Sega’s Creative Assembly has taken the wraps off of Total War: Warhammer, and it is a very impressive real-time strategy game. It brings together the factions of the fantasy universe of Warhammer into an epic battle with huge armies clashing in hand-to-hand combat.
The Total War series is now in its 15th year and it has dedicated fans like me who have played it from the beginning. The studio is working closely with Games Workshop, creators of the well-known Warhammer Fantasy Battle tabletop war game and an accompanying set of miniatures.
The combination will take Total War away from purely historical titles and move it into the realm of fantasy. The battles in this game will include flying suicide bomber goblins (Goblin Doom Divers), legendary heroes, flying creatures, and Empire wizards with devastating spells. That’s going to make survival as an infantry grunt on the battlefield a difficult task.
I caught up with Ian Roxburgh, project lead at Sega’s Creative Assembly studio, at the Electronic Entertainment Expo (E3) in Los Angeles last week. He showed me a demo of the game’s The Battle of Black Fire Pass and did a one-on-one Q&A with me about the title, which is the first in a trilogy.
Total War: Warhammer will come out on the PC, Mac, and SteamOS soon.
Here’s an edited transcript of our conversation.
GamesBeat: As a little preamble, I think I put 450 hours or so into Attila. Played the campaign four or five times or so. I might have even won once. I’ve played them since Shogun, most of them.
Ian Roxburgh: So you know Total War pretty well by now.
GamesBeat: I wouldn’t say I’m good at it, but I enjoy it. This one looks a little more refined graphically, compared to the detail in Attila.
Roxburgh: Across the board we’ve been playing around with the engine to accommodate all the different unit types, the way they work mechanically, and the way the combat works as well, to make it more visceral and dynamic. Everything’s a bit more active.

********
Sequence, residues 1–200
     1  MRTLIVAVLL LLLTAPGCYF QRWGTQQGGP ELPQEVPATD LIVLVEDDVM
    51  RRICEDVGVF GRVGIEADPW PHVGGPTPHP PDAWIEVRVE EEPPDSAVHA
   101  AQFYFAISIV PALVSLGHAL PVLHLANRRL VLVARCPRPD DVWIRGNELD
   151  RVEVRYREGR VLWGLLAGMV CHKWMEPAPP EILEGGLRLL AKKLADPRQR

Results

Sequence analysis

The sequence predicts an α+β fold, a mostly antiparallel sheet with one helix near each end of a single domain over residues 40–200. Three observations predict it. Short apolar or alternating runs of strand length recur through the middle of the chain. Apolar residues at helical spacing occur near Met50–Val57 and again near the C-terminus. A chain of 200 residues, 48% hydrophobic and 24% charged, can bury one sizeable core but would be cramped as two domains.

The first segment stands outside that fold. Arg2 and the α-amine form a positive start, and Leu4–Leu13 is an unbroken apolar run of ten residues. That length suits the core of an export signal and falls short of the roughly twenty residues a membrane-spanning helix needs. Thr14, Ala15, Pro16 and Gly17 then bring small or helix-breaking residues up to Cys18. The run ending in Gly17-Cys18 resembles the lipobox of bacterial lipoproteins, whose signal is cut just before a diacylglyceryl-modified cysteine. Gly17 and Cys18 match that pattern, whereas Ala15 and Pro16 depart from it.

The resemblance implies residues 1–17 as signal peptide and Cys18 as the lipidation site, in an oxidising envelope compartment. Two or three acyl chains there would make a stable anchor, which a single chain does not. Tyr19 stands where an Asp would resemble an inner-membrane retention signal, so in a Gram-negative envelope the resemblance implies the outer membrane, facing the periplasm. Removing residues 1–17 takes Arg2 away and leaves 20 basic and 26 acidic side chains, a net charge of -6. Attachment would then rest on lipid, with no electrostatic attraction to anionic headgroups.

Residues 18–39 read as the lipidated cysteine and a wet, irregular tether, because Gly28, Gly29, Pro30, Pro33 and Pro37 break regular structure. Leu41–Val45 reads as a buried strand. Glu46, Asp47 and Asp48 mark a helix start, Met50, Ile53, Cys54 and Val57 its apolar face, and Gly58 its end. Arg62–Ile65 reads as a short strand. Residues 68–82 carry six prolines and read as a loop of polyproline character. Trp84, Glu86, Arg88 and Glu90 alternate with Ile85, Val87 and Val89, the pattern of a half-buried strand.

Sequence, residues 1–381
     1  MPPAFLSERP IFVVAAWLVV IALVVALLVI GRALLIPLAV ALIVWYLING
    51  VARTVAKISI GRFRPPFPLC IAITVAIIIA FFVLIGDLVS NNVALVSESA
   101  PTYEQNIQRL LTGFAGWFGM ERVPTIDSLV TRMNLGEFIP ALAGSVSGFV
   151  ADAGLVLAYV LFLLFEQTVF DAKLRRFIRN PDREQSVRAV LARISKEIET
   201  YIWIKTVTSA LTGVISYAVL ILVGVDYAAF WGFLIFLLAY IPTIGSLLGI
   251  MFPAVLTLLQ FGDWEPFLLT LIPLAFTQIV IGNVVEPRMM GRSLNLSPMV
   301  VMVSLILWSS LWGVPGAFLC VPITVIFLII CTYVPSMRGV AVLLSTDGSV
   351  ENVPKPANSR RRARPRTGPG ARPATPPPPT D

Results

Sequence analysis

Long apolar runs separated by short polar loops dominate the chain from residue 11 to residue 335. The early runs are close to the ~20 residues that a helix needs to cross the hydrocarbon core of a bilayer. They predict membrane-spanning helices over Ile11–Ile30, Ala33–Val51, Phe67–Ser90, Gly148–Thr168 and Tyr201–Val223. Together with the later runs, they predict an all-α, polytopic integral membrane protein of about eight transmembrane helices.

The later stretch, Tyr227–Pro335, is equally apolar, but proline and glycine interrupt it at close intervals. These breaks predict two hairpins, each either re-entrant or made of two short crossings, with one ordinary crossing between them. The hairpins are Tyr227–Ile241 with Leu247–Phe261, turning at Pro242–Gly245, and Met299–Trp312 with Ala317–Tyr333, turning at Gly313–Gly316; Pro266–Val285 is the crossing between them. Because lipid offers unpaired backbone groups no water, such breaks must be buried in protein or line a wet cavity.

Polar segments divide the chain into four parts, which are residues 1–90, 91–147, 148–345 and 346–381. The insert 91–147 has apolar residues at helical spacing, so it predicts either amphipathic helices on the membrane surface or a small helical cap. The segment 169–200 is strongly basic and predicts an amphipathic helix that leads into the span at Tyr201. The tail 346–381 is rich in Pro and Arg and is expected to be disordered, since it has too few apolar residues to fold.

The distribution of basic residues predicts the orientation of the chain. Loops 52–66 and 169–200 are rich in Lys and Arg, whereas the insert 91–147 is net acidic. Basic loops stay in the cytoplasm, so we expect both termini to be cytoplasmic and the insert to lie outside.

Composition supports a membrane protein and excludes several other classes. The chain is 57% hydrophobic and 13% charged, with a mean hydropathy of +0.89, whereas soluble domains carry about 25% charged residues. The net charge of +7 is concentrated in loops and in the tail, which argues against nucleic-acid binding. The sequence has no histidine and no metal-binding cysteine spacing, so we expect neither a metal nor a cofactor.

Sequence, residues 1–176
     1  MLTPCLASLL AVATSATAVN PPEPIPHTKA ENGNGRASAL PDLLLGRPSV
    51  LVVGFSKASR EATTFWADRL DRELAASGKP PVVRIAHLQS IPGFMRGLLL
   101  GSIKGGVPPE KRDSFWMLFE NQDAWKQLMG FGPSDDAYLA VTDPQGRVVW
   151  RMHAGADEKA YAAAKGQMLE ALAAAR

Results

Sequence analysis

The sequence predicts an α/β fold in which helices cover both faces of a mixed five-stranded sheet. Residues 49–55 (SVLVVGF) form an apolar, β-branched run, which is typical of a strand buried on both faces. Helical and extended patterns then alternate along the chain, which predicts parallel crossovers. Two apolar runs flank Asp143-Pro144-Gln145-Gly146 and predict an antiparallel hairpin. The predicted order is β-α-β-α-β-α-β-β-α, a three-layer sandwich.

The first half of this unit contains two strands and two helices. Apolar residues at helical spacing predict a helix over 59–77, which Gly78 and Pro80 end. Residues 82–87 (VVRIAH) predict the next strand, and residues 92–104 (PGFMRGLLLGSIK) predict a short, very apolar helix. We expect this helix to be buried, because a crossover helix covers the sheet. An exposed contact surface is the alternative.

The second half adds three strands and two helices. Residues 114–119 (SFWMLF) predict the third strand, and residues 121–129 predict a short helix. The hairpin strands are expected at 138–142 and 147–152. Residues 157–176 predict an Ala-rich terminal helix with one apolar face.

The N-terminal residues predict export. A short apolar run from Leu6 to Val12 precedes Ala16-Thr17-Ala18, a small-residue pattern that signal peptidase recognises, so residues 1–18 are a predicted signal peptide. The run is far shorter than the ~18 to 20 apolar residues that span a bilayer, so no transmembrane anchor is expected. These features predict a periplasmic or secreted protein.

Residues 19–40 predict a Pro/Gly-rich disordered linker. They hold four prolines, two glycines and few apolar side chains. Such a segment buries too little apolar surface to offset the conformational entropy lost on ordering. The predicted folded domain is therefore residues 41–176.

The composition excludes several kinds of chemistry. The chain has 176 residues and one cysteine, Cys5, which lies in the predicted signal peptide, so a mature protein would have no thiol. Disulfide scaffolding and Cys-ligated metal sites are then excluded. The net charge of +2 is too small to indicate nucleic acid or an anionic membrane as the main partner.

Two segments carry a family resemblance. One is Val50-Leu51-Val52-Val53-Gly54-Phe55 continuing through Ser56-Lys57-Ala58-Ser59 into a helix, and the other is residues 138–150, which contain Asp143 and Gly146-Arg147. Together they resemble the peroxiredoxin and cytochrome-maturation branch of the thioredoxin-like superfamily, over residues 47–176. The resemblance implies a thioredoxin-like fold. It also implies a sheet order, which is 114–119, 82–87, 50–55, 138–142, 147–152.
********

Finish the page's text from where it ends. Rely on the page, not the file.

GamesBeat: Is it the same style, where you have the UI for giving orders and the campaign map and all that?
Roxburgh: Right. We have this move into fantasy for the first time, but it’s still very much a Total War game. A turn-based campaign, empire-building, and realtime battles. Everything’s the same except that instead of history, we’re taking this awesome fantasy universe that throws so many cool things into the mix. It gives us some extra toys to play with — tactics, gameplay features, campaign.
We’re looking to use the storyline and narrative that are so rich in the Warhammer universe, all these characters and their stories and backdrops. We’re bringing more of that into the game than in previous Total Wars. We have things like the quest battle system. If you’re playing as Karl Franz and you want to unlock some of his unique magic items, you can get to them on the skills tree and it’ll send you on a quest that might end up at one of these quest battles. It’s a particularly challenging battle, a big scale, and if you win you get the reward at the end.
In the process of getting to that quest battle, we can tell a bit of a story, bring that Warhammer world alive to people, but without doing it in a way that stops it being a sandbox game. The players decide where things go. We don’t want to make it linear because that wouldn’t be Total War anymore.
GamesBeat: Is it the same number of units on the battlefield?
Roxburgh: Yep, 20 units on a side. The way we’ve reworked the engine means that we can have even more numbers on there, though. Per unit we can have more.
GamesBeat: In Attila reinforcements added to how many you could have on the battlefield.
Roxburgh: Right. In Attila you could choose to have two armies and thus 40 units to control at once. We’re going back to 20 again, because we felt like that was too much to control. It didn’t feel right. But again, you can waves of reinforcements coming in. In one of the quest battles you’ll see that the enemies will come in waves as well. You get a much better challenge. Even if you rout one army, there will be more coming in.